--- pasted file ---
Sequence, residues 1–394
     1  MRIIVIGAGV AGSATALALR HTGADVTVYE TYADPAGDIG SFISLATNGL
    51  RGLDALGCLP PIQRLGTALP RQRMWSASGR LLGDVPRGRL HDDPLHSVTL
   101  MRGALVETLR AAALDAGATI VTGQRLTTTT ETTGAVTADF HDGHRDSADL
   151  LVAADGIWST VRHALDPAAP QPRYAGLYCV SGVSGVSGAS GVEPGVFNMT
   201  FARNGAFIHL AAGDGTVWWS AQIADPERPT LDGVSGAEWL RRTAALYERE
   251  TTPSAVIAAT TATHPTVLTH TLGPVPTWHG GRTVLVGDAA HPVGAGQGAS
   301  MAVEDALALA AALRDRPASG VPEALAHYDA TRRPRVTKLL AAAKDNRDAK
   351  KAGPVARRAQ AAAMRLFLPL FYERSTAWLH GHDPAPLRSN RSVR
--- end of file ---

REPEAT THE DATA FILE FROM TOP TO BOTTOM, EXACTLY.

Sequence, residues 1–394
     1  MRIIVIGAGV AGSATALALR HTGADVTVYE TYADPAGDIG SFISLATNGL
    51  RGLDALGCLP PIQRLGTALP RQRMWSASGR LLGDVPRGRL HDDPLHSVTL
   101  MRGALVETLR AAALDAGATI VTGQRLTTTT ETTGAVTADF HDGHRDSADL
   151  LVAADGIWST VRHALDPAAP QPRYAGLYCV SGVSGVSGAS GVEPGVFNMT
   201  FARNGAFIHL AAGDGTVWWS AQIADPERPT LDGVSGAEWL RRTAALYERE
   251  TTPSAVIAAT TATHPTVLTH TLGPVPTWHG GRTVLVGDAA HPVGAGQGAS
   301  MAVEDALALA AALRDRPASG VPEALAHYDA TRRPRVTKLL AAAKDNRDAK
   351  KAGPVARRAQ AAAMRLFLPL FYERSTAWLH GHDPAPLRSN RSVR